I’ve always congratulated myself on not having unrealistic expectations, of not putting people in a box that limits who they are and what they will become.
For some reason, though, God uses my own children to show me that I probably do this more than I should. Take for example, my dear three year old son. I never imagined he would be indifferent towards words. He learned his letters over a year ago, but has never expressed much of an interest in what they’re for. He doesn’t like me to track the words as I read (run my finger under the text to show where I’m getting the spoken words from). Last night, however, I told my husband about David’s increasing fascination with numbers. He wants to practice counting, he has been looking for speed limit signs, he’s noticing numbers on food packages, price labels, and clothing. Harumph! How boring. What can you do with numbers? But words… Those are where life can reside. I say this tongue in cheek. My son is different than I am. He’ll learn to read in his own time. I can choose to follow his interest, or I can stubbornly push him into my interests, what I value.Accessories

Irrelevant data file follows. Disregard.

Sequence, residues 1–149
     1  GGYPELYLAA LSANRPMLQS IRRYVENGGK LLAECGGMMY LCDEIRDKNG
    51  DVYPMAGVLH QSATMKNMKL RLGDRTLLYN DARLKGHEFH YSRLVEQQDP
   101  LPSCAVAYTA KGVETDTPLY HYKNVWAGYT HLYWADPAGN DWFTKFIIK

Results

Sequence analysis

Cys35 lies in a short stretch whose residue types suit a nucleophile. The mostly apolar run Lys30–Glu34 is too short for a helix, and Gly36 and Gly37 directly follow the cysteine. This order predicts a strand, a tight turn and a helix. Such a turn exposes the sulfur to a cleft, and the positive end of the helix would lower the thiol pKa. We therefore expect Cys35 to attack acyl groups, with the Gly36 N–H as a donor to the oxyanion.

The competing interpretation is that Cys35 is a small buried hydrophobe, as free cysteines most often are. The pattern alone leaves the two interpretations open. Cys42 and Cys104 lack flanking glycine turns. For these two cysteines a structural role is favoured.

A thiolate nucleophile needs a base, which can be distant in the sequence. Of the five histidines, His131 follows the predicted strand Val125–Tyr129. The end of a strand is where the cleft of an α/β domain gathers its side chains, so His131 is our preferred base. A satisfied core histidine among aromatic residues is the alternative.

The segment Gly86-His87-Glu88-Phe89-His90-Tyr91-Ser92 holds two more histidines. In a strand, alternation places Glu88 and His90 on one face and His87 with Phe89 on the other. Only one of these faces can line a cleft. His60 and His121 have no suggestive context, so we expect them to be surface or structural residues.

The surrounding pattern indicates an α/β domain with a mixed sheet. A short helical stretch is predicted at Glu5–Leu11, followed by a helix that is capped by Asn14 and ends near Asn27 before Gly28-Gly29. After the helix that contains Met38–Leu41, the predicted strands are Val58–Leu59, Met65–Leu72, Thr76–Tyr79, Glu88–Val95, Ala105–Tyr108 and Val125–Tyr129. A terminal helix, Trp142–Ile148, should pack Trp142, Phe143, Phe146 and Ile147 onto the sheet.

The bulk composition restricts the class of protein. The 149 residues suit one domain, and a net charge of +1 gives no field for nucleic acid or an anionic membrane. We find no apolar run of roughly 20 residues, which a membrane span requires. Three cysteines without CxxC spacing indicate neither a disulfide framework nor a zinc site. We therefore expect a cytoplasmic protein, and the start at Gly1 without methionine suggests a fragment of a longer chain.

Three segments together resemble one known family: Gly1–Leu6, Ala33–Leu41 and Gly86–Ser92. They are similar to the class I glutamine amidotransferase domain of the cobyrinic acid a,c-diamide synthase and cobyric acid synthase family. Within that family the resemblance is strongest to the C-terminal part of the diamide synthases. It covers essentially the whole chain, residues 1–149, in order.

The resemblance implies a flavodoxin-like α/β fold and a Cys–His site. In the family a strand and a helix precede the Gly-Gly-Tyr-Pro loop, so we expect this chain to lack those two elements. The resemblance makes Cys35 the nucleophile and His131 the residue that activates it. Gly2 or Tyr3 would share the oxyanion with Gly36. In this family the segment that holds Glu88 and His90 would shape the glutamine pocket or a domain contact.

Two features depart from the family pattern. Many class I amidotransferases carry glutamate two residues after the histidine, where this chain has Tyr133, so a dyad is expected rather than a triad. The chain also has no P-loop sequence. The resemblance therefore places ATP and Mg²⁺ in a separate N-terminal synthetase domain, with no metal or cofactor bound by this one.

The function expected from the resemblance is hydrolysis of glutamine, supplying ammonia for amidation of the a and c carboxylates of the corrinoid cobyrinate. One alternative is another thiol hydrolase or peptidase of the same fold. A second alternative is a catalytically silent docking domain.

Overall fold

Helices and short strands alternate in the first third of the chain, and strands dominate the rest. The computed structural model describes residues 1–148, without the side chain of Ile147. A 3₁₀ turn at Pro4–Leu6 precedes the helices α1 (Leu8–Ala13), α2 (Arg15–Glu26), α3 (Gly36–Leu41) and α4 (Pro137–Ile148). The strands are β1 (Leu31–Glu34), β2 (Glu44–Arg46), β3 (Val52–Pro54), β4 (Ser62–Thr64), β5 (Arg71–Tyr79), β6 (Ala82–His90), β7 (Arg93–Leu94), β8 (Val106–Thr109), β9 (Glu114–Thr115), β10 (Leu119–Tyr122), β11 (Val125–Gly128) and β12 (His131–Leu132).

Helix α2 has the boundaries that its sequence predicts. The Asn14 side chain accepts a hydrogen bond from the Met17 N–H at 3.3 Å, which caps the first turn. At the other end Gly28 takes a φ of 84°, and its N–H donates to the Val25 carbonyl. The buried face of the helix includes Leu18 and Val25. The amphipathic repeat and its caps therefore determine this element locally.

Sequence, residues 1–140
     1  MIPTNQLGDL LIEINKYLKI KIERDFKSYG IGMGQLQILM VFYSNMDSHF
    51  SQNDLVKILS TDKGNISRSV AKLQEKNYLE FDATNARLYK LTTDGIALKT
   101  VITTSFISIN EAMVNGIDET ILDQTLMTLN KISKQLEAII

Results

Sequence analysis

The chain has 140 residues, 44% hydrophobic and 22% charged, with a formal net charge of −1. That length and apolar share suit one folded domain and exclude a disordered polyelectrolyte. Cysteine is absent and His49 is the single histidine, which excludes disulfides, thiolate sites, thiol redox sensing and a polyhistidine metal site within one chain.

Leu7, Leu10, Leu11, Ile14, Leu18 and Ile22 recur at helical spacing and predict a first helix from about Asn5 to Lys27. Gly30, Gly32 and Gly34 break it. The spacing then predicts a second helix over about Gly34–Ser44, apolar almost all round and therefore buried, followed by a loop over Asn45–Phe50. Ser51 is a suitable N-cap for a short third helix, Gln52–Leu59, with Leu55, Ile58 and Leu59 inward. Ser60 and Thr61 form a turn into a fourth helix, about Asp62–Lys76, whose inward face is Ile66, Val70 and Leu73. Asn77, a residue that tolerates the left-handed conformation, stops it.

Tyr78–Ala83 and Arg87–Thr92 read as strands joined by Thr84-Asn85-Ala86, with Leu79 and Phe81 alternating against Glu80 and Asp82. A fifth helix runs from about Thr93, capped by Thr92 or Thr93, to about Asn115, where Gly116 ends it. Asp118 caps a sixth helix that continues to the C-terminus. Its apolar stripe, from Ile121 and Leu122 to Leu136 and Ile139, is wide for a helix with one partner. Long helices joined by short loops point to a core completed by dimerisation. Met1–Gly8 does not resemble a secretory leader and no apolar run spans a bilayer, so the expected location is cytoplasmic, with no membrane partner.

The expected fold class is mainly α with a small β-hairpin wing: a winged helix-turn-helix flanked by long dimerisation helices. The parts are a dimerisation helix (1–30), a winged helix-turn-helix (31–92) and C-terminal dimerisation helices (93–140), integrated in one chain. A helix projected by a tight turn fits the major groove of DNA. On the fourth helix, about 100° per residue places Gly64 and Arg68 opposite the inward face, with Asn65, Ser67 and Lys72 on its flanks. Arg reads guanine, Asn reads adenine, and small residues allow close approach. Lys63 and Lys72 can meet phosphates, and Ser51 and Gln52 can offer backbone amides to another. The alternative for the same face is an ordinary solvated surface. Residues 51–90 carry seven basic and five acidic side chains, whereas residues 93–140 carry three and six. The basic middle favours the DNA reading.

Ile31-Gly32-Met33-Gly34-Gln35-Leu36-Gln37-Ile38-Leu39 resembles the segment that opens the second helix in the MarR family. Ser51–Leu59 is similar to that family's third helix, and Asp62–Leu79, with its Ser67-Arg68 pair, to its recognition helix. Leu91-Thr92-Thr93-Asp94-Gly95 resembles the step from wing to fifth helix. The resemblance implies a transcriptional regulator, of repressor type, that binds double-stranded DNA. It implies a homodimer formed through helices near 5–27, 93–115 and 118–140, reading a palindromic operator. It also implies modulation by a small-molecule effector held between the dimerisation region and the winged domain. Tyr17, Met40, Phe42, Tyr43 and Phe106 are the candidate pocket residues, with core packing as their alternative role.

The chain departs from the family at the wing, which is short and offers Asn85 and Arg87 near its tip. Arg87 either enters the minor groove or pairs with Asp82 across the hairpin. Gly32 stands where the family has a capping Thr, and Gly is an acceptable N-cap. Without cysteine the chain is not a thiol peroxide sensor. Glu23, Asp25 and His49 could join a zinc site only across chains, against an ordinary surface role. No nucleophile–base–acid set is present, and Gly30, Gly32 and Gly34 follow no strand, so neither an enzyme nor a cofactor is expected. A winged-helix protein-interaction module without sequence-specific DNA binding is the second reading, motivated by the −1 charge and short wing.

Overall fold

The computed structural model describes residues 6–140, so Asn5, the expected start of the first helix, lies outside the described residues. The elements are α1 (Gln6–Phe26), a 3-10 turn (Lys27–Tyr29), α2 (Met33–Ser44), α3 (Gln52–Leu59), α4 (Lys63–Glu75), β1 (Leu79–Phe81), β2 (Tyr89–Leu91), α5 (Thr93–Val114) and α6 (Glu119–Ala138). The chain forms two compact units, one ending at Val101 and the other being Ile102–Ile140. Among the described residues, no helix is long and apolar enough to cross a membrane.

We’ve been doing “school” while Bethel is taking a morning nap. Usually it’s playing Memory, or using scissors and markers, or doing simple worksheets that he’s interested in. Today he pulled out a pad of paper and wanted to write. So I started to make some letters for him to copy. Would you believe that this silly boy asked for numbers instead? Why? But his delight upon successfully drawing ones all over his page made me remember again that I need to let my son be the person God made him to be, instead of what I think he should be. It’s a silly thing, numbers or letters. How I respond to this little thing may very well give me the start I need to let him be his own person in years to come.